Richard L.Evans was born March 23, 1906, in
Salt Lake City, Utah, the youngest of nine children born to John A. Evans and Florence Neslen.
His father died when he was but 10 weeks old, leaving
a bereaved widow with nine children to rear. From his youth Richard was made familiar
with the realities of life, and learned early through intelligent service
how to earn his own way through life.
Richard was baptized May 2, 1914 and received the Aaronic Priesthood as a
youth. After high school he entered the L.D.S. Univerity and later the University of Utah but left the
halls of academia and a generous scholarship for a higher calling when he filled a mission to Great
Britain between 1926-1929. During his mission to Great Britain he acted as associate editor of the
"Millennial Star" under James E. Talmage and Dr.
John A. Widtsoe. He also served as secretary of the European Mission. His distinctive command of
the English language, and effective speaking style were honed in countless street meetings and talks
given in the rough and tumble of Hyde Park where anyone with a soapbox can speak on any subject of
interest but must be prepared for heckling and abuse.
After returning home, Richard matriculated at the University of Utah where, in
1931, he received an A. B. degree. Continueing his studies, he was awarded an M. A. degree in 1932 by
the same school. During his academic career he married Alice Ruth Thornley who would bear him four
In addition to his school and family responsibilities, Richard was forced by economic necessity to pursue an avocation. His journalistic experience in editing the Millenial Star stood him in good stead as he secured employment with KSL Radio in Salt Lake City as a staff announcer. As such he was privileged to accompany the Mormon Tabernacle Choir to the San Diego Exposition as radio announcer, and also to Winter Quarters in September, 1936, at the dedication of the monument, as radio announcer. He was given the distinction of being the announcer over the radio with the clearest diction. Indeed, he is best known to the world as the voice of The Spoken Word, a part of the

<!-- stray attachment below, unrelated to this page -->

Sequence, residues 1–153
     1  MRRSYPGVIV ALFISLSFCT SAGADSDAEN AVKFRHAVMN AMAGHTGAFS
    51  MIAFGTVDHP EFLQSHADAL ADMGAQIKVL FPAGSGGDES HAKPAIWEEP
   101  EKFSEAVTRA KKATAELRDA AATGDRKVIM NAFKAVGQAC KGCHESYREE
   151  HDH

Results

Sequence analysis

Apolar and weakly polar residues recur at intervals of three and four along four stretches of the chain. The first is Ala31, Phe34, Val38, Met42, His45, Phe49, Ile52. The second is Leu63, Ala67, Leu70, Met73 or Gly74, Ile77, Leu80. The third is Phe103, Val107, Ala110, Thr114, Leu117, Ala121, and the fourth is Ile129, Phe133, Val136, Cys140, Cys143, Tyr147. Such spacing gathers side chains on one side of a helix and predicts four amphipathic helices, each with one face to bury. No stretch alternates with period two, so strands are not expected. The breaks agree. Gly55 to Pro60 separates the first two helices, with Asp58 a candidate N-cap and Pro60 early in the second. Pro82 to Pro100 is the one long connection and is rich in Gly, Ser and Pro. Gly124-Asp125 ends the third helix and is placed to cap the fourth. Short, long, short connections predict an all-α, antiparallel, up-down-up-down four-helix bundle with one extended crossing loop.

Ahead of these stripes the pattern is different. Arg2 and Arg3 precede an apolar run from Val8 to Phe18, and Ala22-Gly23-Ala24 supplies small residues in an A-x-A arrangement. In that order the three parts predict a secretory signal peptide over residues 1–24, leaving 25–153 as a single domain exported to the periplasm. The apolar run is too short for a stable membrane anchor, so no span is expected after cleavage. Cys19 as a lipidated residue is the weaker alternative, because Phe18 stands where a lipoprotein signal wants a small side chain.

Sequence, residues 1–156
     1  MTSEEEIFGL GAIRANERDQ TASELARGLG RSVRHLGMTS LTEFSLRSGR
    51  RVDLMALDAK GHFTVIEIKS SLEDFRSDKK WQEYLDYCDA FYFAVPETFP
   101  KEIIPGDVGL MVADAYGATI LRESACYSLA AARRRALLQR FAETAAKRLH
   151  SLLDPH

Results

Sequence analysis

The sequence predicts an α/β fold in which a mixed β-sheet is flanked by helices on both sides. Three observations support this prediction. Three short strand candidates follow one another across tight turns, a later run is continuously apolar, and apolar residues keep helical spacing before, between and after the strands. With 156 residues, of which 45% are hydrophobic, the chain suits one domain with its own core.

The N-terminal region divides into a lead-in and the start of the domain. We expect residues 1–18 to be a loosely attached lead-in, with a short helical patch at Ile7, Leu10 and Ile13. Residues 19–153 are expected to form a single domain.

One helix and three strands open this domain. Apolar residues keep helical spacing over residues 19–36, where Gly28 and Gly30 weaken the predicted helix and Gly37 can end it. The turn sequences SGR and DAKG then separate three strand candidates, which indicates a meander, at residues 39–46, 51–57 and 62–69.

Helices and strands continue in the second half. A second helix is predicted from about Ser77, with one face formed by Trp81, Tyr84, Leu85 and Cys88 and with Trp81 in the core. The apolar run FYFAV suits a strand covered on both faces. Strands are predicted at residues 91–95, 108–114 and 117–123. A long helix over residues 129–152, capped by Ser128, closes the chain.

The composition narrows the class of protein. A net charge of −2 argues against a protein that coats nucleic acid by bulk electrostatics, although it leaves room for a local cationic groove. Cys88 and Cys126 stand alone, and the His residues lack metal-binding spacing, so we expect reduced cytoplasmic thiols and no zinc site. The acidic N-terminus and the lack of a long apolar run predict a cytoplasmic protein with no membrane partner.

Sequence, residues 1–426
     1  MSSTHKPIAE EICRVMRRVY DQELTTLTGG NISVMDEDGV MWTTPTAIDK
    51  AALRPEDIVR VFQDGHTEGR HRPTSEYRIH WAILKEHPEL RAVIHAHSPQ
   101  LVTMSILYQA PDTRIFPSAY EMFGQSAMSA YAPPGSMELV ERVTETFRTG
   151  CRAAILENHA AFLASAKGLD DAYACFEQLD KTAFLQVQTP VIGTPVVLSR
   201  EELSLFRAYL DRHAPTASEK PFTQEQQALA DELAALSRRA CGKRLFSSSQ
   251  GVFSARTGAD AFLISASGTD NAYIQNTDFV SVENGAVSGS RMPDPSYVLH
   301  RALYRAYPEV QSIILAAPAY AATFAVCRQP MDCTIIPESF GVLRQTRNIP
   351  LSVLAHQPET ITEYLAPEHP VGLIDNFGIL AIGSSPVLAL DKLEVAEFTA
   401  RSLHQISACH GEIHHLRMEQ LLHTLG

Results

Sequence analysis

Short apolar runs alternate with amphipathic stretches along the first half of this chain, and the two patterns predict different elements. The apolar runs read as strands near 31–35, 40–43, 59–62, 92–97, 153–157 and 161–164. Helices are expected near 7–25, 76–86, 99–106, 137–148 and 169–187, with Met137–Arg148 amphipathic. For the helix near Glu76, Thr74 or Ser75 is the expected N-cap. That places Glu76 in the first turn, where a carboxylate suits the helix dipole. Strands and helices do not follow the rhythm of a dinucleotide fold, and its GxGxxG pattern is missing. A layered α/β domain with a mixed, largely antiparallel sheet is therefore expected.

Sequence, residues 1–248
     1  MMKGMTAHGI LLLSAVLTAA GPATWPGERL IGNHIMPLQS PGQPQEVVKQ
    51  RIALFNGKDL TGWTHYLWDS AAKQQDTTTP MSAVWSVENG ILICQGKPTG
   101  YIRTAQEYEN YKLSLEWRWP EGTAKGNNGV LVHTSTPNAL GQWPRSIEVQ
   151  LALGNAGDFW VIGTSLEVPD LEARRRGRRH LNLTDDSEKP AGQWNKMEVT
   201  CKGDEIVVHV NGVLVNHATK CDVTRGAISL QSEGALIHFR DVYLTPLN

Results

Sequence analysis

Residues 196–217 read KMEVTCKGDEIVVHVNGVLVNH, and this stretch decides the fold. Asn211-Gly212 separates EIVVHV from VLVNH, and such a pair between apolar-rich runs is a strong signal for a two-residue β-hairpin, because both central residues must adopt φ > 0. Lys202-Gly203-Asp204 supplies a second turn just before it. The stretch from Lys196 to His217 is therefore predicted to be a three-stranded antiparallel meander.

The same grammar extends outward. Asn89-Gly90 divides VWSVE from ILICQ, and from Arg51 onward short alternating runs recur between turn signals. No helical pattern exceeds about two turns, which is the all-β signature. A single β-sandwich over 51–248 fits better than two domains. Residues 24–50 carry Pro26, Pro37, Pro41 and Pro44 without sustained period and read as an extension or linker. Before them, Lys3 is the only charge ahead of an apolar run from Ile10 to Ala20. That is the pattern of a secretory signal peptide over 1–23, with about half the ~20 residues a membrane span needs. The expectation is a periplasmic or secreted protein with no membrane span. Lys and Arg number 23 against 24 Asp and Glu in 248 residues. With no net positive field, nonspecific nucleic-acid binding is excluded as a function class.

weekly Mormon Tabernacle Broadcast. Elder Evans wrote, produced and announced
the coast-to-coast radio network program from the Salt Lake Tabernacle
from June, 1930 until his death in 1971.
He was appointed managing editor of the Improvement
Era in April, 1935, and filled that position with a rich background of
efficient Church service and wide experience in business, education and
editorial fields. He was named a member of the General Board of Y. M. M. I. A. in 1935.
He was ordained a Seventy, and sustained as a member of the First Council of Seventy Oct. 7, 1938.
Elder Evans was industrious, intelligent and sympathetic, a lover of truth and beauty, and, above all, he understood and practiced the principles
of the restored Gospel. He acquired his education by persistent effort
of his own, having worked at numerous occupations in order to attain his
Elder Evans was sustained to the Council of the Twelve and ordained an Apostle on October 8, 1953 by President David O. McKay,
succeeding Elder Albert E. Bowen, who had died.
He served with honor until his own death November 1,
1971 at Salt Lake City, Utah. In death he was mourned not only by members
of the Church but by the millions of non-members who listened regularly
to his radio ministry.
Sister Alice Thornley Evans, widow of Elder Evans, followed her husband in death
December 16, 2008 from causes incident to age.